(Reuters) – The U.S. Supreme Court agreed on Monday to hear a case that could determine whether companies such as Amazon.com Inc must pay workers for the time they spend waiting to clear security checks at the end of their work shifts.
The case revolves around workers at Amazon warehouses in Nevada, who had to pass through security checks as part of an anti-theft procedure.
The workers, former temporary employees at Amazon contractor Integrity Staffing Solutions, said they spent nearly 30 minutes some days waiting for the checks. In a 2010 lawsuit, they argued they must be compensated for that time under the federal Fair Labor Standards Act (FLSA).
The U.S. Court of Appeals for the 9th Circuit ruled last April that the workers’ suit could go forward, prompting several similar lawsuits against Amazon, the world’s largest online retailer, and its third-party warehouse contractors, in federal courts around the country.
Integrity, which is represented in the high court by former U.S. solicitor general Paul Clement, argued that the 9th Circuit’s ruling conflicted with other court decisions that said workers do not need to be paid for similar post-work duties that are not a part of their regular work tasks.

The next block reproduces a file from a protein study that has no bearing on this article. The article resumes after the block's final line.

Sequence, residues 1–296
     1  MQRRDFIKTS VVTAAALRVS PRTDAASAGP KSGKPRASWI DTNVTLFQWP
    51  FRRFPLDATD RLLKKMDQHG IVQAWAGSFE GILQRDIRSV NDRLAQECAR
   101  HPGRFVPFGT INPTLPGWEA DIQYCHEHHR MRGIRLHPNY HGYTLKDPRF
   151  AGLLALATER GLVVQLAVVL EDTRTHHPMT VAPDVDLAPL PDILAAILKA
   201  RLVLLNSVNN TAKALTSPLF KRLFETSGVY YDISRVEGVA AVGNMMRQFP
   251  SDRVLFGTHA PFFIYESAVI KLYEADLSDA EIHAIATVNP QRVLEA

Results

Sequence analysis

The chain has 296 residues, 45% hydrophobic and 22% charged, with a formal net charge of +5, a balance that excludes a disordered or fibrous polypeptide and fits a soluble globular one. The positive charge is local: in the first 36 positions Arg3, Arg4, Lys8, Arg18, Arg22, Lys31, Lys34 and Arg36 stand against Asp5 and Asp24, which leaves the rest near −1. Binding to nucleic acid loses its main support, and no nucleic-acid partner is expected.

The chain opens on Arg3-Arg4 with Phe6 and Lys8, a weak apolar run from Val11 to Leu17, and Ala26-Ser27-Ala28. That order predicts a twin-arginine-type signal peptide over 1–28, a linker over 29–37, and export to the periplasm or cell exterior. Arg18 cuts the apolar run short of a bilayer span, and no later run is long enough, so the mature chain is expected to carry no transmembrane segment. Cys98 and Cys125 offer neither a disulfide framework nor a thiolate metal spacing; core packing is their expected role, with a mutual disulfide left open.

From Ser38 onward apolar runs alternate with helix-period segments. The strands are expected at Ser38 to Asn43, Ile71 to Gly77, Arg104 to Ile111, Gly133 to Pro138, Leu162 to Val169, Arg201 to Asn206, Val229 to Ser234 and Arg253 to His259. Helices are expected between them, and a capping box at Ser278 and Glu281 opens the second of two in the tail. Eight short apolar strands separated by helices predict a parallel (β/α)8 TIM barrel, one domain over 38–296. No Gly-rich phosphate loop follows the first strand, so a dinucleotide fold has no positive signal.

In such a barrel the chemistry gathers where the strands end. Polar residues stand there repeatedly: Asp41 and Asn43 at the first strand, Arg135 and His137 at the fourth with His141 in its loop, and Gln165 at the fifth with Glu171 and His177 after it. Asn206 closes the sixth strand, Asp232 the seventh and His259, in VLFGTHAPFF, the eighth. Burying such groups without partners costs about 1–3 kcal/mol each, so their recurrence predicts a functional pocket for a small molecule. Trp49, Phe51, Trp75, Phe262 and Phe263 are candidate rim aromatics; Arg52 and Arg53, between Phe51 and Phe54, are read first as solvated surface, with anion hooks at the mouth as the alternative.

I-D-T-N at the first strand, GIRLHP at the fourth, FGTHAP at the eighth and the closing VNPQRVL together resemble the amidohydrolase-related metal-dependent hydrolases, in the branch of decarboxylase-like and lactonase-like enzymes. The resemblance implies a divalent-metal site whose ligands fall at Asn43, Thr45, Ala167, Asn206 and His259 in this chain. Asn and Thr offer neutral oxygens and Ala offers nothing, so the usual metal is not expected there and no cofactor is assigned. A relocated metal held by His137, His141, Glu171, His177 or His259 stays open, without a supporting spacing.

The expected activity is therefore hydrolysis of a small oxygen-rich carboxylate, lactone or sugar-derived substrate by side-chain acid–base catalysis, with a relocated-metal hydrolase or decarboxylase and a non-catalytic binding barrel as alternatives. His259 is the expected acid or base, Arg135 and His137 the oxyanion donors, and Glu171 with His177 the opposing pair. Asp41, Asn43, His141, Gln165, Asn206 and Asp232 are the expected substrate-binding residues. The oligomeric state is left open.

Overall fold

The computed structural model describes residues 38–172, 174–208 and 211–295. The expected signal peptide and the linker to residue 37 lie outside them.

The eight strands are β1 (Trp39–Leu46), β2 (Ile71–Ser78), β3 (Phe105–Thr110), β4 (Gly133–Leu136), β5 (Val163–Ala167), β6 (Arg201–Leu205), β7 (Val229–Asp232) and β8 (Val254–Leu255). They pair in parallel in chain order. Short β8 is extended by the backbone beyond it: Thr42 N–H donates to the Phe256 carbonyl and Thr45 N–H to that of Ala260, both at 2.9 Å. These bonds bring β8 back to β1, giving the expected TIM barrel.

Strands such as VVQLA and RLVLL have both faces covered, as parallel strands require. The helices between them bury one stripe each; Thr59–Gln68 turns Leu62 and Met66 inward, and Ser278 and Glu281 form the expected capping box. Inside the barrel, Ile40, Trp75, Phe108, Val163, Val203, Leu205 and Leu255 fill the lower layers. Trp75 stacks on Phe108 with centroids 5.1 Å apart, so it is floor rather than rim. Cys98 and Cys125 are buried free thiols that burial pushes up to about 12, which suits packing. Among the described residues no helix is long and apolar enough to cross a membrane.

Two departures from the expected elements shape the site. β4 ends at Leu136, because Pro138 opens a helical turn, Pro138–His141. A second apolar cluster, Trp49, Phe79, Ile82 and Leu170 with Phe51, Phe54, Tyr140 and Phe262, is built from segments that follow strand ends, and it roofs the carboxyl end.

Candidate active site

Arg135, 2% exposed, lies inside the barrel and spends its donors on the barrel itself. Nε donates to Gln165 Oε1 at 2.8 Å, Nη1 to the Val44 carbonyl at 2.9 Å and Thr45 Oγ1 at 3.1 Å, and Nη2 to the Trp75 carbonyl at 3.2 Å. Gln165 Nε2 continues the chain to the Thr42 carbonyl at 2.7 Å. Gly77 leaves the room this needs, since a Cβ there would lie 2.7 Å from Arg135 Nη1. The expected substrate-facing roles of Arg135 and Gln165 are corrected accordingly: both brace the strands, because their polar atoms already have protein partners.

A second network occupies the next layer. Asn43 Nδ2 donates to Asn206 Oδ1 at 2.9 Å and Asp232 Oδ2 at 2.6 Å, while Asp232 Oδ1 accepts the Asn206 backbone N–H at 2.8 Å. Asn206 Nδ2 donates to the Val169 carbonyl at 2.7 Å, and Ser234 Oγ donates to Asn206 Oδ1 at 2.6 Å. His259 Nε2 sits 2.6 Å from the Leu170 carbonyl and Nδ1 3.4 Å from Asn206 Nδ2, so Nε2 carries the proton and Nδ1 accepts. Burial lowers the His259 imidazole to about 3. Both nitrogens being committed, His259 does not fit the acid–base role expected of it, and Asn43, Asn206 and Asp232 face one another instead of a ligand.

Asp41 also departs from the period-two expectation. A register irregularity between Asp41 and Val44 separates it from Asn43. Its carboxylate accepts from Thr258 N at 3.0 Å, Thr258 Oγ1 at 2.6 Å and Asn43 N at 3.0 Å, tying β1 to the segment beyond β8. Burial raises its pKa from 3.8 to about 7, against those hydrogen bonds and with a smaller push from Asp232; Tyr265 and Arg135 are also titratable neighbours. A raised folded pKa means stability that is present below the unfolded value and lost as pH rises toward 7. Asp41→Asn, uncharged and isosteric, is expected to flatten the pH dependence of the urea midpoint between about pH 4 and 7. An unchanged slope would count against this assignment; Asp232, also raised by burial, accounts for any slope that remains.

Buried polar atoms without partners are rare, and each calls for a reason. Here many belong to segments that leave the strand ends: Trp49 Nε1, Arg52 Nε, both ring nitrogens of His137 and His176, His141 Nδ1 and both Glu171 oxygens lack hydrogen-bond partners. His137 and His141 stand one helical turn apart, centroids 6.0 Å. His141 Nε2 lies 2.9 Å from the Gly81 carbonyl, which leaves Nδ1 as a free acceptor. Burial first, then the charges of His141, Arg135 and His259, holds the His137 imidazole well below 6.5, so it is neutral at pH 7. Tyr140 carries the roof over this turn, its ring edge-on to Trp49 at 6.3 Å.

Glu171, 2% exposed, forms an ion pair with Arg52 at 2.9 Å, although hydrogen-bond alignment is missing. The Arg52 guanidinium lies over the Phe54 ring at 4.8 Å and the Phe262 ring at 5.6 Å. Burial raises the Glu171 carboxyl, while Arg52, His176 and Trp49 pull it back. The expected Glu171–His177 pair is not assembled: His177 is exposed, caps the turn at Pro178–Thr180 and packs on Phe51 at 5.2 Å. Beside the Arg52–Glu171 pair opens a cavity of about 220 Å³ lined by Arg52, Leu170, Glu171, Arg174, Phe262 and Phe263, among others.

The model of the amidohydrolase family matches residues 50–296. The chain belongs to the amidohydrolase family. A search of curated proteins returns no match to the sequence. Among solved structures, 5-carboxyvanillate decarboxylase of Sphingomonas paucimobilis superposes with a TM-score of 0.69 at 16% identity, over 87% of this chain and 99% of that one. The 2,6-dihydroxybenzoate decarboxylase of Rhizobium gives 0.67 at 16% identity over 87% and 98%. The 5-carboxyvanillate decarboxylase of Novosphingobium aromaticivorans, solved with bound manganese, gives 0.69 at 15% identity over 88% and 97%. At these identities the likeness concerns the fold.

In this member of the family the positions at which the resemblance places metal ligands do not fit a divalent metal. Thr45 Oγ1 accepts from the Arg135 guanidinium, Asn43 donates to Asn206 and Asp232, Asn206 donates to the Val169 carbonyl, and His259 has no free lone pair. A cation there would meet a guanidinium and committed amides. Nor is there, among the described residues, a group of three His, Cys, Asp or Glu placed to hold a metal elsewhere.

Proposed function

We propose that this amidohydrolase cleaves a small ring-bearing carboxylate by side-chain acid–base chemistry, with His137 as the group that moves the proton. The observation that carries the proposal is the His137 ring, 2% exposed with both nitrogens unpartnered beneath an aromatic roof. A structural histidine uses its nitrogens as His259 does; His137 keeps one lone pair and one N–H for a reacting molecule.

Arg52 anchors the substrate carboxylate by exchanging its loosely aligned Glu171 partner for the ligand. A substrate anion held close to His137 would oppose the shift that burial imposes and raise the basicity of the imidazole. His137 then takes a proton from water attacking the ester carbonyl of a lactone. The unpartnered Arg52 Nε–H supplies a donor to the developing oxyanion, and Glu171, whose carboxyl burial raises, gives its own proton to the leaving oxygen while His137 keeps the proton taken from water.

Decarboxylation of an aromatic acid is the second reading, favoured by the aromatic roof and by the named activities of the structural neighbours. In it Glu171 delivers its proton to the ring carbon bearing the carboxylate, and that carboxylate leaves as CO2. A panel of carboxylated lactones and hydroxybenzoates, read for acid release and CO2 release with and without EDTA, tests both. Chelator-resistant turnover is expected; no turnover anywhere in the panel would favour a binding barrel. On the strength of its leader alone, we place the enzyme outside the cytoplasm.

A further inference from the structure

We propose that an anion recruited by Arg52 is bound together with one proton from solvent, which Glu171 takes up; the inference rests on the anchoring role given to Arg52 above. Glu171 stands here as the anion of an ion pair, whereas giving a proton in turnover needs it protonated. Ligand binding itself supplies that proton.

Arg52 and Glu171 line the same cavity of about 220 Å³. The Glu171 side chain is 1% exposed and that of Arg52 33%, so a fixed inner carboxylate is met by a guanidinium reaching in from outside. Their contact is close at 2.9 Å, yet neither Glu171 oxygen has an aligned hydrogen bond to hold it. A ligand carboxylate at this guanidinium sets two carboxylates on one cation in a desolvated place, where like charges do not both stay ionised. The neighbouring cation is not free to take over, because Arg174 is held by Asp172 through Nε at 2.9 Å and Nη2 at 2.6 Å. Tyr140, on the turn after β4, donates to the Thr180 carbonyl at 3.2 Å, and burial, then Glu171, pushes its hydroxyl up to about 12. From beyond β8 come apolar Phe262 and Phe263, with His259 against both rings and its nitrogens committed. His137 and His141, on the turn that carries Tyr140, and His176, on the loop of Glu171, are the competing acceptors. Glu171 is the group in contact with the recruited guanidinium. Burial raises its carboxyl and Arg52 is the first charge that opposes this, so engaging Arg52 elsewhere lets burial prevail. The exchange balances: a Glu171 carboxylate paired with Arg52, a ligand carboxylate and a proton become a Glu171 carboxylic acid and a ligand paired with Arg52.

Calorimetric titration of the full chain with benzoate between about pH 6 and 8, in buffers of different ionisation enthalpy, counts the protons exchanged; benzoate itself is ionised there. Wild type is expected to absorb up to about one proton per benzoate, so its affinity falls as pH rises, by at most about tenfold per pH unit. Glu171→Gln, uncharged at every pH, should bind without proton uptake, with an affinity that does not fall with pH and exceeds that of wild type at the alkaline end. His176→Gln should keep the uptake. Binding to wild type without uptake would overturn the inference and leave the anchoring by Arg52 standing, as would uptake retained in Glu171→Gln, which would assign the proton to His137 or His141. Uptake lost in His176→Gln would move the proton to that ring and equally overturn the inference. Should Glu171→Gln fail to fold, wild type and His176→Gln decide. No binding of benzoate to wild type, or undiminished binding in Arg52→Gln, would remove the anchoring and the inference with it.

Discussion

“Security screenings are indistinguishable from many other tasks that have been found non-compensable under the FLSA, such as waiting to punch in and out on the time clock, walking from the parking lot to the work place, waiting to pick up a paycheck, or waiting to pick up protective gear before donning it for a work shift,” Integrity wrote in a brief to the court.
A representative for Integrity could not be reached, and Clement did not return a message seeking comment.
Mark Thierman, who represents the workers, said the Supreme Court should adopt the 9th Circuit’s view.
“What I can gain is a nationwide policy confirming the 9th Circuit’s rule,” Thierman said.
The case is Integrity Staffing Solutions, Inc v. Jesse Busk and Laurie Castro, U.S. Supreme Court, No. 13-433.
(Reporting by Carlyn Kolker in New York; Editing by Howard Goller and Bernadette Baum)